Food For Thought

Why Mesh Networking Matters

By Eric Harris, IT Director

 

Imagine your home is destroyed in a flood. Your family finds temporary shelter, where you try to access critical information online. But there’s no Internet connection, and you’re stranded.

Enter the wireless mesh network. This tech trend offers more than connectivity; it may be our best hope for communicating with the rest of the world safely and efficiently in times of disaster.

The roots of mesh networking were planted by amateur radio enthusiasts who deployed their own style of digital communication in the late 20th Century. Limited to using high frequency (non-commercial, non-military) radio links, these operators relied on a network of fellow enthusiasts, or nodes, to send and receive information.

With the shift to computers, the U.S. military funded an experimental network in 1969 that linked their agency computers over telephone lines. This network gave birth to the Internet in 1984.

Single Point of Failure

The modern Internet employs millions – and soon, billions – of nodes to relay data. With emerging Internet of Things tech such as smart homes and cars, our lives are increasingly dependent on big carriers like Verizon and AT&T to keep us connected. Yet this arrangement involves the risk of a single point of failure. If a data center at one of the carriers was damaged or destroyed, its users would lose the ability to connect, communicate, or transact online.

Mesh networks do not have a central resource or point of failure. Like the amateur radio networks, a mesh is a bunch of individual nodes (people or computers) that connect with each other through a resilient system. Some of the nodes are connected to the Internet. If a node is damaged, there’s always another route to the other members of the network, because each user or consumer is also part of the network’s infrastructure.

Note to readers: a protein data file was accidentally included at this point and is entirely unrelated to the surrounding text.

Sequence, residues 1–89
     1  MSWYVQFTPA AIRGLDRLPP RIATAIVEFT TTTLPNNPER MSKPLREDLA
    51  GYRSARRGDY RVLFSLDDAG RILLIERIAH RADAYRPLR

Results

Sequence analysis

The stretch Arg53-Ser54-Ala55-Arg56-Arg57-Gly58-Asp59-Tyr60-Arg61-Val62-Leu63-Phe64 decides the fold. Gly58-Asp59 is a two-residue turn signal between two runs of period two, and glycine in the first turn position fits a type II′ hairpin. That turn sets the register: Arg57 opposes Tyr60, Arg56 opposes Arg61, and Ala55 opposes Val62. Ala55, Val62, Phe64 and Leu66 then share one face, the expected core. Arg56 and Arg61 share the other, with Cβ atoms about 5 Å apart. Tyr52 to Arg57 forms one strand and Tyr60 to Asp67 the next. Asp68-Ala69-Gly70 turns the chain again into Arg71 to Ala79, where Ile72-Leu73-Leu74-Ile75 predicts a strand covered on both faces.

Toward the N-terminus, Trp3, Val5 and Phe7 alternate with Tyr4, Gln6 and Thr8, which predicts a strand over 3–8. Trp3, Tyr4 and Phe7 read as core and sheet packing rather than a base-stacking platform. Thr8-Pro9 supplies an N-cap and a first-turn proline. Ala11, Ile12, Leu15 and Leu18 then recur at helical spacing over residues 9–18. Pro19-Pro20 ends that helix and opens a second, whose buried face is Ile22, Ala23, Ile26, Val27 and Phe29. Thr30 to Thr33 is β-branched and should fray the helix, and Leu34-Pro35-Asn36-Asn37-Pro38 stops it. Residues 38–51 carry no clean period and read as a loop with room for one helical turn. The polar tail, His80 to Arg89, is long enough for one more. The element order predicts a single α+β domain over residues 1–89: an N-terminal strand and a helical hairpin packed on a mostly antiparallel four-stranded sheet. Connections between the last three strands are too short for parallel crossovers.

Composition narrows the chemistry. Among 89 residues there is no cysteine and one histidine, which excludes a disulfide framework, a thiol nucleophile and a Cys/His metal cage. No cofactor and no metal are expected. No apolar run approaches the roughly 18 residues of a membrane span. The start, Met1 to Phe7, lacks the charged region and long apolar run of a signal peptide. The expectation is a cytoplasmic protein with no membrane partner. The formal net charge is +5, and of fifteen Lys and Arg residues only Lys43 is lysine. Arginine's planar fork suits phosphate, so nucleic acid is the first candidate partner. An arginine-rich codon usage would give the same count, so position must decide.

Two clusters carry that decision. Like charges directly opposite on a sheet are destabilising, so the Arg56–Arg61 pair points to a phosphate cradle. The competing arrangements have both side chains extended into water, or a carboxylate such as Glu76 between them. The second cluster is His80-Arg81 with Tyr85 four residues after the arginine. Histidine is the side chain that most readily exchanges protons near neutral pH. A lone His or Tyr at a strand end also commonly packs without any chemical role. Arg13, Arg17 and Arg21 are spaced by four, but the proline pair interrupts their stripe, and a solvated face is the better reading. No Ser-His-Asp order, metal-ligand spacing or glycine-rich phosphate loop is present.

Like bit torrent technology, mesh is designed for distributive networking. Written in open source protocols and loaded into modern wi-fi devices to connect autonomously, mesh is a highly transparent form of wireless ad hoc networking.

 What about security?

With mesh networking, files are broken into numerous packets that pass through different nodes and different routes to their destination. Information is encrypted because no single node would receive all of the packets, in the correct sequence, at the same time. With open source code, there is complete transparency, because everyone in the mesh is able to see the underlying tech that drives the network.

Beyond disaster recovery

In an emergency situation, a mesh network operates like a bucket brigade, with each of the individual nodes contributing to the larger effort of communication. Mesh could enable you to connect and communicate, even in the disaster scenario of a flooded home.

What’s more, as tech adoption grows, mesh represents a path for people who wish to maintain their privacy, establish resilient data backup, and become self-reliant, without dependence on a government, agency, or private company for connection to the world.

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